Epstein knew that building the farm system would not be popular. He knew that dark days were ahead for the Major League team and that fans would not be happy with the on field product. He joked that his popularity rating would fall as he and the Cubs put his plan into action.

“I should probably have another press conference right now to resign,” he said. “Because my popularity is definitely going to be at an all-time high right now.”

 

Say what you will Cub fans, but Epstein never lied to us at all. He told us exactly what was he had planned, and how he was going to carry out the plan. From all accounts, his plan is succeeding as he laid things out. The strong farm system he said was a must for a team to be competitive year in and year out is finally in place. Their farm system is deeper than ever.

While fans are certainly well within their rights to complain about the Cubs losing near 100 games every year under Epstein and Hoyer’s control, you cannot say that they ever lied to us. You cannot say that they lost your trust, because they have done everything they said they would do. Sure, the Cubs could have taken a shot and finished with a slightly better record, but Epstein does not want any middle ground.

“What I want to avoid is the middle ground,” Epstein said. “It’d be nice to make the playoffs or get a protected draft pick (awarded the bottom nine teams). We’re not hiding that. There’s no glory in 78 wins instead of 73. Who cares?

“We’re going to see where we are and take a real cold assessment in the middle of the season. If we have a legitimate chance to push for a playoff spot then 2013 can become our primary focus. If we think a playoff spot’s not in the cards, there will be no concern for appearances or cosmetics whatsoever. We’ll continue to address our future and trade off some pieces that would keep us respectable.”

While I am sure most fans would like to have a team that was more competitive than the 60 some wins the Cubs have been getting the past three years (counting this year) with the talent that was available in free agency, making the playoffs was no sure thing. While they could have been adding year in and year out the past three years with some of the better free agents, there is still no guarantee that the Cubs make the playoffs any of those years. That results in a worse draft pick, and a great chance that the Cubs miss the playoffs and the World Series. Would you really be that much happier if the Cubs had gotten 81-98 wins, and still come up short compared to what they have now? Sure, a winning team is more fun than a losing team, but is that all you want? The end result is still the same. You fail to grab the ultimate prize and wind up with a bad draft pick which does not help you build the farm.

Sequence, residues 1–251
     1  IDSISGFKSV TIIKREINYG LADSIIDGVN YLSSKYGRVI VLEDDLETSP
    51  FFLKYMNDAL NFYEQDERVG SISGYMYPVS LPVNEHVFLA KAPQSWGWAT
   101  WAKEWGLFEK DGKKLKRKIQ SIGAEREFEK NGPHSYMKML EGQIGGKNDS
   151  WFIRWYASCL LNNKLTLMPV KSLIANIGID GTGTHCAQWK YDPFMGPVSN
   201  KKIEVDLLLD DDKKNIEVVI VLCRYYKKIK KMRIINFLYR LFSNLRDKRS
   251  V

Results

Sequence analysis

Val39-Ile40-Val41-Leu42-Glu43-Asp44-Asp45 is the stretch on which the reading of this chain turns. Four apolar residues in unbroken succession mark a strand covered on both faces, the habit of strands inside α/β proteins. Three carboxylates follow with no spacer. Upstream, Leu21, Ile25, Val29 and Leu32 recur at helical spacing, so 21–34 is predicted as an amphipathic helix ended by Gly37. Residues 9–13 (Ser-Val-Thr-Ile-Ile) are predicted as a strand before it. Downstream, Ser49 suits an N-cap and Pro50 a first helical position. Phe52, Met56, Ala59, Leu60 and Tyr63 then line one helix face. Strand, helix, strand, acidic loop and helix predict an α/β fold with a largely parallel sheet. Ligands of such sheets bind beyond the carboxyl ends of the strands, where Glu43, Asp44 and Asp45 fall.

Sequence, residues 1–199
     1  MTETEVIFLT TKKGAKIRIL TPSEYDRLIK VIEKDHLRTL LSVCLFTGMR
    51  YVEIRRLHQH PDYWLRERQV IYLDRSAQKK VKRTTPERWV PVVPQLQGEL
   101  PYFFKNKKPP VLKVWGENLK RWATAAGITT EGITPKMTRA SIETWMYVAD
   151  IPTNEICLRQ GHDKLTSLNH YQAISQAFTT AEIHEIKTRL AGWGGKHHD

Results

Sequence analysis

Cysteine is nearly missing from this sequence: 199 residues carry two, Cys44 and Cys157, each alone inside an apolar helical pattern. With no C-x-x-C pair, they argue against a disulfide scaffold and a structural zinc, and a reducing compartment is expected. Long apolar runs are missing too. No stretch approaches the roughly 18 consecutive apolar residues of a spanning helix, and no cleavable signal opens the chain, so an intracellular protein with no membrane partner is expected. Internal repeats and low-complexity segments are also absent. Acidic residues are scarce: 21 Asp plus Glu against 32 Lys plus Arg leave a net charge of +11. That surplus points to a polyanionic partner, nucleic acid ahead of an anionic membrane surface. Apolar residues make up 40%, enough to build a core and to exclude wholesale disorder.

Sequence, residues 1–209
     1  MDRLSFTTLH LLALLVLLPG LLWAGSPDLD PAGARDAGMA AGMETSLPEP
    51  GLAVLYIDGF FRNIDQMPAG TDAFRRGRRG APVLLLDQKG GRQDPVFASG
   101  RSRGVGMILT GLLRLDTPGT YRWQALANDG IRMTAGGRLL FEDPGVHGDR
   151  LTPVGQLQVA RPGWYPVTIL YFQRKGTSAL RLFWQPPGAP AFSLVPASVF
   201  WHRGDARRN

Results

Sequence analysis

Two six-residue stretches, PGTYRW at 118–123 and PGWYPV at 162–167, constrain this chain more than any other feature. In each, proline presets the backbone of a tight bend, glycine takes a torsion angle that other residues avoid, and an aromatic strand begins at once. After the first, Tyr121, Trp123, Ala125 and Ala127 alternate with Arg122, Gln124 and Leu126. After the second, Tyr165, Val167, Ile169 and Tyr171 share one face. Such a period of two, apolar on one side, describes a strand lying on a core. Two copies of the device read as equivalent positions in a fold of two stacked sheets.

Be as unhappy as you want with what the Cubs have done under the leadership of Epstein and Hoyer, feel free. However you cannot say that they duped us, mislead us or flat out lied to us. That, is nothing more than a lie to feed your anger over the Cubs failure to put a competitive team on the Major League level.

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7 thoughts on “Were We All Duped by Team Theo?

  1. Good article and I like to add the Cubs fan that are complaining honestly just have zero clue about everything. They been probably too honest with us. But its gone exactly the way I thought it would be. The first 2 years would be just terrible baseball. Then the 3rd year (this year) we would still not be well, but we would start seeing some signs being competitive which we were before the trade off. Then year four would be the beginning of hopefully seeing alot of our top prospects who we drafted and acquired in trades the previous 3 years would start making their major league appearances. I think if we can make a good signing or 2 in this offseason and Bryant, Baez, Soler produce like we all hope they do, then we have a chance at a playoff spot. By 2016 though, is the year we can really start seeing all of this come together with a few others ( Russell, Almora, Schwarber, Edwards, ect) hopefully add to it. In short, no we were not duped by Theo/Jed and to say its been a failure is a joke as we now have the best farm system in baseball.

  2. I agree – I predicted when they were hired that “fans” would not wait for them to do what they said they would do. The so-called fans who have been screaming for their heads never listened to a word that was said. This article should be required reading for the “fans” who had no clue what was being proposed, even though it was spelled out for them quite plainly!

  3. Completely agree. I want to see a consistently good to great club rather than some .500 team. Everyone that is a true Cub fan wants to see a World Series come to the Cubs. Sometimes you have to take your medicine now to feel better later…